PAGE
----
Make up foundation

 

Foundation is a skin colouring cosmetic applied to the face to create an even, uniform colour to the complexion, to cover flaws, and, sometimes, to change the natural skintone. Foundation applied to the body is generally referred to as "body painting."

Coverage refers to the opacity of the makeup, or how much it will conceal on the skin.

  • Sheer is the most transparent and contains the least amount of pigment. It will not hide discolorations on the skin but it can minimise the contrast between the discoloration and the rest of the skin tone. Although pigment technology has evolved dramatically since 2004, the traditional protocol for sheer foundations called for pigment to comprise 8–13% of the finished formula.
  • Light can cover unevenness and slight blotchiness, but is not opaque enough to cover freckles. It contains 13–18% pigment.
  • Medium coverage can, when set with a tinted (instead of translucent) powder, cover freckles, discolorations, blotchiness, and red marks left by pimples. It contains 18–23% pigment.
  • Full coverage is very opaque, and used to cover birthmarks, vitiligo, hyperpigmentation and scars. It is sometimes referred to as “corrective” or “camouflage” make-up. In general it contains up to 35% pigment, though professional brands, designed for use on stage, can contain up to 50% pigment. 

      makeup can be formulated in different ways:

  • Oil and emollient-based are the oldest type of make-up. An oil (usually mineral oil) or emollient (such as petrolatum, beeswax, or lanolin) is used as the main ingredient, with pigment added to it. 
  • Oil-based shakers are different from traditional oil-and-emollient-based makeup in that they were liquid foundations developed before emulsifiers and binding agent were available, and thus separate in the bottle, like the alcohol-based formulas mentioned below. 
  • Alcohol based uses a blend of water and denatured alcohol as the base, with pigment added to it.
  • Powder-based began with Max Factors’ Pan Cake, using powder — usually talc — as the main ingredient. Pigment is added, along emollients, skin adhesion agents and binding agents to the formula before it is pressed into pans. ,
  • Mineral makeup most commonly refers to a foundation in loose powder format. The most common minerals used as the base are mica, bismuth oxychloride, titanium dioxide or zinc oxide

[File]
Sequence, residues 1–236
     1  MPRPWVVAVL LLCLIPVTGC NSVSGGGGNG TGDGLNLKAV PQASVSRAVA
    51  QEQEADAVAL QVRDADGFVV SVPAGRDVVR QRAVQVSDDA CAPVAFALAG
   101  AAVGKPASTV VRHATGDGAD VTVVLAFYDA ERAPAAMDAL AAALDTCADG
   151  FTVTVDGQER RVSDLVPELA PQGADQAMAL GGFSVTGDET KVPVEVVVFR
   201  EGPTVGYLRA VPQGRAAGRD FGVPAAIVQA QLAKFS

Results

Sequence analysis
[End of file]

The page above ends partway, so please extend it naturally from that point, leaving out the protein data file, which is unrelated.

• Water-based make-up appeared after the end of World War II, with emulsifiers that could successfully keep a water-and-oil blended emulsion stable being the key to their development. This creamy liquid provided medium coverage with a far more natural feel and appearance than oil, powder or emollient bases of the time, and became popular with women since then.
    • Water-based cream make-up has a rich, creamy texture that can be sheer to full coverage with a moist, satiny finish. It usually comes in a jar or tube, and is much more comfortable and realistic looking on the skin than the oil or emollient-based predecessors. 
    • Water-based oil-free eliminates oil altogether, but substitutes an emollient ester or fatty alcohol in the base, and adds a mattifying agent — usually clay — to dry to a flat, non-reflective (“matte”) finish.
    • Water-based transfer-resistant follows the same formulation as oil-free, but uses a film former or polymer instead of (or in addition to) the clay to achieve a matte finish that resists being rubbed off. 
  • Silicone-based make-up uses a silicone — or a blend of water and silicone — as the main ingredient. The most typical silicones used are dimethicone, polysiloxane and volatile silicones such as cyclomethicone and phenyl trimethicone. The silicone provides lubrication and viscosity (what some artists refer to as "slip") at a level equal to, or often, even better than oil allowing a product to apply and blend over the skin smoothly and evenly. 

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